This post is also available in: Italian

Pasta alla puttanesca is one of the many dishes of the Italian gastronomic culture that does not have a precise and codified recipe.

It does not even have a “scientifically” proven geographical connotation such as to be claimed as exclusive from one territory over another.

However, we can say that it is a recycled dish, or rather, an easy to assemble pasta with canned products available in all kitchens and, above all, its preparation ranges across  all families and restauranteurs from north to south of the boot.

But this does not mean that it lacks its own taste identity!

But why and from what does puttanesca pasta come from? With this term, certainly not sober, which suggests the oldest profession in the world or those brothels so widespread in Italian society prior to the Merlin Law?

Many more or less well-founded or imaginative stories are told about the origin of pasta alla puttanesca. Among these, one concerns the habit of eating pasta fast, during meal breaks in brothels. But I like to think that it all started with the bizarre exclamation of an innkeeper: “Puttana Eva” (a very common expression in Italy and often used as an interlayer during moments of anger).

The innkeeper cook would exclaim this at the entrance of yet another diner, but with the kitchen already closed and all the dishes washed and finished.

What am I going to cook for him now?” he asked himself, just not to let it escape!

It certainly did not lack imagination and creativity. Then, he took a little of all the canned products: salted anchovies, capers, dried tomatoes and canned tuna, black and white olives. Garlic, as well as chilli, pepper and oil are never lacking in the kitchen.

He added a sprig of parsley and oregano, a touch of grated old cheese and invented the “Pasta alla puttanesca”, one of the most popular pastas for tourists visiting Italy.

Yes, of the different schools of thought, this is one of the most credible hypotheses. But being, I repeat, one of the many famous Italian pastas not codified, Cucinare per Passione evolves into “Sicilian Buttanesca“, because here in Sicily, the host would have exclaimed: “buttana ra miseria“.

Then we add zest, lemon juice, magic tuna bottarga powders and toasted and spiced breadcrumbs and crunchy toasted almond grains. And here the uncoded Italian puttanesca becomes “Tagliolini alla Buttanesca Siciliana in the fashion of Cooking for Passion.” Because of all the ingredients necessary for the preparation, Sicily is the undisputed protagonist, with its historical and popular products.

Sicilian ingredients. Anchovy from Sciacca, Favignana tuna and bottarga, Nubia garlic, Siccagno dried tomatoes, “e ciuruse” olives in brine, Pantelleria capers, “Val di Mazara” EVO oil, fresh and dry red chilli, almonds from the Sicani mountains, Sicilian bread, fresh and aged cheeses from the Ragusa highlands or the Sicane and Madonite hills, citrus fruits from the Conca d’Oro and Piana di Catania.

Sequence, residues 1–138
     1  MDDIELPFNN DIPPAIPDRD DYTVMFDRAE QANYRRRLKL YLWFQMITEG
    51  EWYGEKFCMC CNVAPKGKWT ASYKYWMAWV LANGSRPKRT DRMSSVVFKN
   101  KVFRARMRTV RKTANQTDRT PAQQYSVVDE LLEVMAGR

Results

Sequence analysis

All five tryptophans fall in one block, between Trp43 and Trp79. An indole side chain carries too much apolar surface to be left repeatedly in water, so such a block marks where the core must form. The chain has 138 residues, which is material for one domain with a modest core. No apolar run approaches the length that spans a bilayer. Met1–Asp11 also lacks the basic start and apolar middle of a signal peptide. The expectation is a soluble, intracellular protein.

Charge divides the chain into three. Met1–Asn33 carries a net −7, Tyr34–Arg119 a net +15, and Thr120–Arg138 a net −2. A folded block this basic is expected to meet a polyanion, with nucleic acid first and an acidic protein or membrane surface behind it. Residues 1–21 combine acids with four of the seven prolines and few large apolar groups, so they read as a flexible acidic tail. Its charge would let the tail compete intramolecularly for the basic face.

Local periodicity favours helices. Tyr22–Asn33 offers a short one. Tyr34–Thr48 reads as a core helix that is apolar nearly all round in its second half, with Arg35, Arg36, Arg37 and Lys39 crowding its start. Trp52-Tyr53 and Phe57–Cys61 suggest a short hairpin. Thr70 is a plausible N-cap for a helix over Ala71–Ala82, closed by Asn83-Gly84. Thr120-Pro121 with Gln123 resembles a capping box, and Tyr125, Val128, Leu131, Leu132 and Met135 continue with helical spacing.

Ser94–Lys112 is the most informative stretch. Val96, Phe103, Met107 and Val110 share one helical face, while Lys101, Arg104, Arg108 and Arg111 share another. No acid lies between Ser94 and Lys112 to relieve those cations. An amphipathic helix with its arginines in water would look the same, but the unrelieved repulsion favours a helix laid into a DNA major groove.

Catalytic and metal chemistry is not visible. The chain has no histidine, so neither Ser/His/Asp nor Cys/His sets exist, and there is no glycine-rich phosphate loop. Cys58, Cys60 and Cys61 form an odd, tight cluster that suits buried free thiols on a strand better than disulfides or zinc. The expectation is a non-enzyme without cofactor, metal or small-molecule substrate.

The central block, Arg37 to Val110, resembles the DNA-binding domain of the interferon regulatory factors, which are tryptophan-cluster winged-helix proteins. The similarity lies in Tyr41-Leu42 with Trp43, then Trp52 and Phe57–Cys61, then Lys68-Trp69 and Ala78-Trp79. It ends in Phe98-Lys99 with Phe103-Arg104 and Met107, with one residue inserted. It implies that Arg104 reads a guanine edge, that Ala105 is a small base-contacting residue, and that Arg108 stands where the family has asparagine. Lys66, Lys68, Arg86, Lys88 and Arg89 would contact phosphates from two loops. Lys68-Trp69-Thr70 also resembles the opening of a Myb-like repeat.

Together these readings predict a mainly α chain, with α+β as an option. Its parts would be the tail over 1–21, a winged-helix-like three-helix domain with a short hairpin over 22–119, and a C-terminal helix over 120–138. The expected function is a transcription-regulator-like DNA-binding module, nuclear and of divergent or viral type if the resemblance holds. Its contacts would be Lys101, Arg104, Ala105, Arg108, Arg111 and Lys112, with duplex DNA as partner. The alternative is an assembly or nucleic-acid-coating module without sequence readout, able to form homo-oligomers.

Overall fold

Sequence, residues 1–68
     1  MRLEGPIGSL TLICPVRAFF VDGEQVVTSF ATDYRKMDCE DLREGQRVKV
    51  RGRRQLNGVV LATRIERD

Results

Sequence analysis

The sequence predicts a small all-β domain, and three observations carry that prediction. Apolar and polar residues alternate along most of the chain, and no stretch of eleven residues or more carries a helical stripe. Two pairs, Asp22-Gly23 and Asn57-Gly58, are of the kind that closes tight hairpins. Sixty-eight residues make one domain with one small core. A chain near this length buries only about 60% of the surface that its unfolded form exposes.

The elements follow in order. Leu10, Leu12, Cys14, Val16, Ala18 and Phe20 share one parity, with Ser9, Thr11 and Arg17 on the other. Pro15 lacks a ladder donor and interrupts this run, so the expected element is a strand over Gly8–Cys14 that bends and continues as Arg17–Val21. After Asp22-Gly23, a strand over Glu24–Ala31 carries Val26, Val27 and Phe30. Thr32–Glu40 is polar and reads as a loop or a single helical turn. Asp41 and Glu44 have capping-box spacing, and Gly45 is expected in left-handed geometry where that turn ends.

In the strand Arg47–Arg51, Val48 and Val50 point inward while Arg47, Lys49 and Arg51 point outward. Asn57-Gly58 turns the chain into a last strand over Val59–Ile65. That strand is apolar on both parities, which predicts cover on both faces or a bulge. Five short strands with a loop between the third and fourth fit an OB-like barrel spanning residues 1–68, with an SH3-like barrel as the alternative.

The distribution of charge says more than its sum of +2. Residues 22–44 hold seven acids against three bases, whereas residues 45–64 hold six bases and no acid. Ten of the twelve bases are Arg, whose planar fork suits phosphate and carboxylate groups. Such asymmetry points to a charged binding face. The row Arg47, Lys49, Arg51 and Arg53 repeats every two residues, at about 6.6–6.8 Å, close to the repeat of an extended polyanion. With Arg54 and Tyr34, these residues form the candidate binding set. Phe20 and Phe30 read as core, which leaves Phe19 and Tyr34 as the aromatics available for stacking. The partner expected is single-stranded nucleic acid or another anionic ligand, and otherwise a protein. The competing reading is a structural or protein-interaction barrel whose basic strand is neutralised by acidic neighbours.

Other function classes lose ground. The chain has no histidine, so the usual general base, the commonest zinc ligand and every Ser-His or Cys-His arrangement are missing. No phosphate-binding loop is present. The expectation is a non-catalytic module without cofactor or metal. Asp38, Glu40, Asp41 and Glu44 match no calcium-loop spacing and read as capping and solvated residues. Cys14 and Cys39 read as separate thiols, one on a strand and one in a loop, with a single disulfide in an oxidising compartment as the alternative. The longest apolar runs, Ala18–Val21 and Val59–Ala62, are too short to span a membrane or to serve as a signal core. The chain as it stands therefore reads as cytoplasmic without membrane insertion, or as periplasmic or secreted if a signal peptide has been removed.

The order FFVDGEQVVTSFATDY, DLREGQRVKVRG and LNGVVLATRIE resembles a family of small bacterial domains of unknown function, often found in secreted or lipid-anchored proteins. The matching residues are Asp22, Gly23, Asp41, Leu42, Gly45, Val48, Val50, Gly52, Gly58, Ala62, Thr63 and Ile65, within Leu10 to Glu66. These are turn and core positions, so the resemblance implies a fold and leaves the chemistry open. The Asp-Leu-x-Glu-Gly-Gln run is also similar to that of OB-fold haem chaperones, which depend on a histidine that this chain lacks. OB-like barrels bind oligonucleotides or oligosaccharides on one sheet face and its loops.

You are spoiled for choice. But there is no embarrassment to use all or only a part of them.

Recipe for Sicilian Buttanesca Pasta

The complete recipe and the dish in the tasting version and in the “belly” version 1.

Ingredients for two servings:

  • 200 gr of pasta of your choice (short or long). I used semi-fresh tagliolini
  • garlic
  • fresh red pepper
  • anchovy fillets
  • salted capers
  • dried tomato
  • black and white olives without pits (please, not the horrendous supermarket pitted olives that taste like soda)
  • parsley
  • extra virgin olive oil
  • Origan
  • canned tuna
  • freshly ground black pepper
  • freshly grated caciocavallo and pecorino cheese
  • juice and zest of 1 lemon (I used a lumia)
  • flavoured breadcrumbs
  • chopped toasted hazelnuts.
  • white wine to blend to taste.

No added salt: there is already enough in the ingredients.

To start, prepare a coarse mixture of capers, anchovies, chilli, garlic, olives and dried tomatoes and put it in a pan with 3 tablespoons of extra virgin olive oil. Leave to fry for a couple of minutes over high heat.

Deglaze with half a glass of white wine to taste (I didn’t use it). Then soften the sauce that tends to dry with a ladle of pasta cooking water and add the canned tuna, a pinch of dried oregano, a sprig of chopped parsley, a sprinkling of freshly ground black pepper. Let it cook until it has absorbed the ladle of water.

With the heat off, scrape the zest of a lemon and the juice of half a lemon and add it to the sauce to give a touch of freshness to the mixture that tends to excessively flavour.

Drop the pasta in with plenty of freshly salted water. I used the tagliolini, but any shape of long or short pasta, fresh or dry, is fine. The pasta for the Puttanesca is not coded with the pasta very al dente, rekindle the fire on the pan and add the pasta together with a couple of ladles of cooking water.

Allow part of the water to be absorbed to ‘re-cook’ the pasta during cooking, handling it with a fork. Stir in the joyful Sicilian concoction and the pasta over high heat by adding another drizzle of extra virgin olive oil, the mix of grated caciocavallo and pecorino cheeses, and sauté vigorously.

Et voilà, here we are ready to exclaim: “Sicilian Buttanesca!” and to serve on plates to taste.

Complete the dish with a small piece of fresh parsley, a drizzle of raw extra virgin olive oil, the bottarga and toasted breadcrumbs and chopped toasted almonds.

Bon appetit from Fabrizio Ricotta

Fabrizio Ricotta

Coinvolto nella profondità delle passioni, dalle parole alla cucina. Fabrizio è trascinato dai percorsi enogastronomici a quelli naturali e culturali, alla scrittura delle emozioni. Ha la pagina su Facebook "La Sicilia e l'Italia. Il mio cammino" (